October 13, 2011, 0800 IST – Source : Pharmabiz News
After two years of making the registration of clinical trials mandatory, the union health ministry will soon make the registration of Ethics Committees attached with the Clinical Trial Organisations mandatory.
According to sources, a decision to this effect was taken by the Drugs Technical Advisory Board (DTAB), the highest decision-making body under the Union health ministry on technical matters, which held its comprehensive meeting on October 10 under the chairmanship of Director General of Health Services (DGHS), who is the ex-officio chairman of the Board.
The DTAB’s decision to make registration of Ethics Committees mandatory comes in the wake of widespread complains that the Ethics Committees at most of the clinical trial sites are not independent and also not active with no monitoring of the trials.
So far, only the registration of clinical trials with the Drugs Controller General of India (DCGI) is mandatory in the country. Independent ethics committees are constituted by the individual companies and it is not registered. For starting any clinical trial, the approval of the ethics committee is crucial as without which the DCGI will not provide his sanction for beginning the study in the country.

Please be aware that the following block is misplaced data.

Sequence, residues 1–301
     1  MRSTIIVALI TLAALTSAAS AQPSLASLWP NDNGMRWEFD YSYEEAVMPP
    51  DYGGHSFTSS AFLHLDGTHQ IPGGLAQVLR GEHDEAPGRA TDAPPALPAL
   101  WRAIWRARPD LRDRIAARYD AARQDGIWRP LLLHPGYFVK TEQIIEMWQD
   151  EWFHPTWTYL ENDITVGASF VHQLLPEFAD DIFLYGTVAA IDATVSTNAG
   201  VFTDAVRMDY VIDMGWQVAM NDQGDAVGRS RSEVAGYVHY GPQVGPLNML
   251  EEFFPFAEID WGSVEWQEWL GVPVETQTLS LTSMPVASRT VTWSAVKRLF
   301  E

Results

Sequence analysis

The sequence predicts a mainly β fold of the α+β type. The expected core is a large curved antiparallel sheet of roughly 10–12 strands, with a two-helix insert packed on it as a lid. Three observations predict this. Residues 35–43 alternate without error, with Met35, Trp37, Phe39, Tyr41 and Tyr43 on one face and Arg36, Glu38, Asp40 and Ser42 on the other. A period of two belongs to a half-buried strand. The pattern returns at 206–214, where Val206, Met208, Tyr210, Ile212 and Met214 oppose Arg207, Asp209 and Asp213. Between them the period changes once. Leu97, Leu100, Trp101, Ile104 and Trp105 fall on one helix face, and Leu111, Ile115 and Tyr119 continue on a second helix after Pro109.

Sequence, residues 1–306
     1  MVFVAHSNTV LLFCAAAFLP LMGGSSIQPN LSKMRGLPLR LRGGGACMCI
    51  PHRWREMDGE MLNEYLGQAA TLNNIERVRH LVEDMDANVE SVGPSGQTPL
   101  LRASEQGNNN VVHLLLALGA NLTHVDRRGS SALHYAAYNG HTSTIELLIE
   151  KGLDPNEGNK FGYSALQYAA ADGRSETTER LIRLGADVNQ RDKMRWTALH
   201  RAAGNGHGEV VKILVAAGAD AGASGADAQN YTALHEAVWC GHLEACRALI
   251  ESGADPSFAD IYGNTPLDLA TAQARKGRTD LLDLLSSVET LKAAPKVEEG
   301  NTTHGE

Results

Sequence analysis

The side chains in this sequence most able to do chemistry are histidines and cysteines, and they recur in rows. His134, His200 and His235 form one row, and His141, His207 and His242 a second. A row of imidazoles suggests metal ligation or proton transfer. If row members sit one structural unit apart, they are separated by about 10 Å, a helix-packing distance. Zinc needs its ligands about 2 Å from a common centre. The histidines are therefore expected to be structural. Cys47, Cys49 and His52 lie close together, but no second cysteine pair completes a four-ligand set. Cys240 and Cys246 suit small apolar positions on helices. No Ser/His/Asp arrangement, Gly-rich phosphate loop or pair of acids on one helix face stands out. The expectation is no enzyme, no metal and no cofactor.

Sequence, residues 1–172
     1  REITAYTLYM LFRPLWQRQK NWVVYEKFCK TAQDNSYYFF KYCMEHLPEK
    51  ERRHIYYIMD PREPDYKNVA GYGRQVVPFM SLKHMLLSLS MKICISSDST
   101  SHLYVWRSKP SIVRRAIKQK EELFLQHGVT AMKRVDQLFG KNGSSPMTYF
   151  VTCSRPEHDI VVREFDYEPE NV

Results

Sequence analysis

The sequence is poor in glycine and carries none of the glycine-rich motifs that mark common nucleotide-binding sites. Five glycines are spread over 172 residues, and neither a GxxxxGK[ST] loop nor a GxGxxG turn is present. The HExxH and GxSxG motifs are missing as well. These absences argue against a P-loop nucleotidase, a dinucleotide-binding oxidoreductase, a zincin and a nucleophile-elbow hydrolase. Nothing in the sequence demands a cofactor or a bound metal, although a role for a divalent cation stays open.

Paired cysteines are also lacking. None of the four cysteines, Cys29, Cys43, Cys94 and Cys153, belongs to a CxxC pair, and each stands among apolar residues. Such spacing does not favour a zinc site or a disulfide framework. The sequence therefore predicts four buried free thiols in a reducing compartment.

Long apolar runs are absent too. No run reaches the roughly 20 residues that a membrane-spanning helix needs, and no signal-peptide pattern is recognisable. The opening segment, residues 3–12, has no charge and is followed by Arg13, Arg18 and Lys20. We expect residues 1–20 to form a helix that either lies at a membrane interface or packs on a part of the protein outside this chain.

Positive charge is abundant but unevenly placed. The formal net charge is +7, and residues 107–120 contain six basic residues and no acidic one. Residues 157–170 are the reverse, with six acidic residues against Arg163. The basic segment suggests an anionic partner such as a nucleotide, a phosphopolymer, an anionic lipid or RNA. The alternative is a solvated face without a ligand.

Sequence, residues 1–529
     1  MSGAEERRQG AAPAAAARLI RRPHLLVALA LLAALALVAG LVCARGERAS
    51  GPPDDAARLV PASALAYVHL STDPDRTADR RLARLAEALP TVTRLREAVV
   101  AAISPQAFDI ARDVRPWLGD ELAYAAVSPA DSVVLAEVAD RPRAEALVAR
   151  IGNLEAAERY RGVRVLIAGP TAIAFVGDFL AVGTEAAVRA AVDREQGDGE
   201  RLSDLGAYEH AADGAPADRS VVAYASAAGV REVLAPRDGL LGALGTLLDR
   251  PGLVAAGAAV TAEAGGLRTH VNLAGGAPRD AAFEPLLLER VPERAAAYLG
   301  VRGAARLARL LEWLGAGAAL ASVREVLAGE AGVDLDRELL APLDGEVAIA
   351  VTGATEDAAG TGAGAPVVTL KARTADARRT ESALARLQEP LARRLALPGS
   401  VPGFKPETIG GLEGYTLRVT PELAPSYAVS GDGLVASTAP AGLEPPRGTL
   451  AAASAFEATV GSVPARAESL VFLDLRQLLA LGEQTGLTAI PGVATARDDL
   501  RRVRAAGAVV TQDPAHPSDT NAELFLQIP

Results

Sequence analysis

There should be at least five members in the ethics committee, consisting of a doctor, preferably a pharmacologist, a lawyer, an atheist, a housewife and a scientist. All of them should be provided training in good clinical practices (GCP) to get a firsthand knowledge about the clinical activities.
According to sources, with the cases of trial related deaths and injuries registering a steady increase in the country, the health ministry wanted to streamline the clinical trial sector which by and large remains unregulated in the country.
Sources also said that the immediate provocation for the ministry to further streamline the clinical trial sector is the recent irregularities reported in conducting of clinical trials by Axis Clinicals, a Hyderabad based CRO in which the company is alleged to have conducted clinical trials of a breast cancer drug on nearly 30 illiterate agriculture labourers after luring them with Rs. 10,000 each.
Subsequently, the investigations by the DCGI had revealed various irregularities in conduct of the studies by the company with respect to subject recruitment process, informed consent process, independence of the Ethics Committee and its review and decision making process.
Sources said that DTAB at its meeting on October 10 examined the issue in detail and decided to make the registration of Ethics Committees mandatory.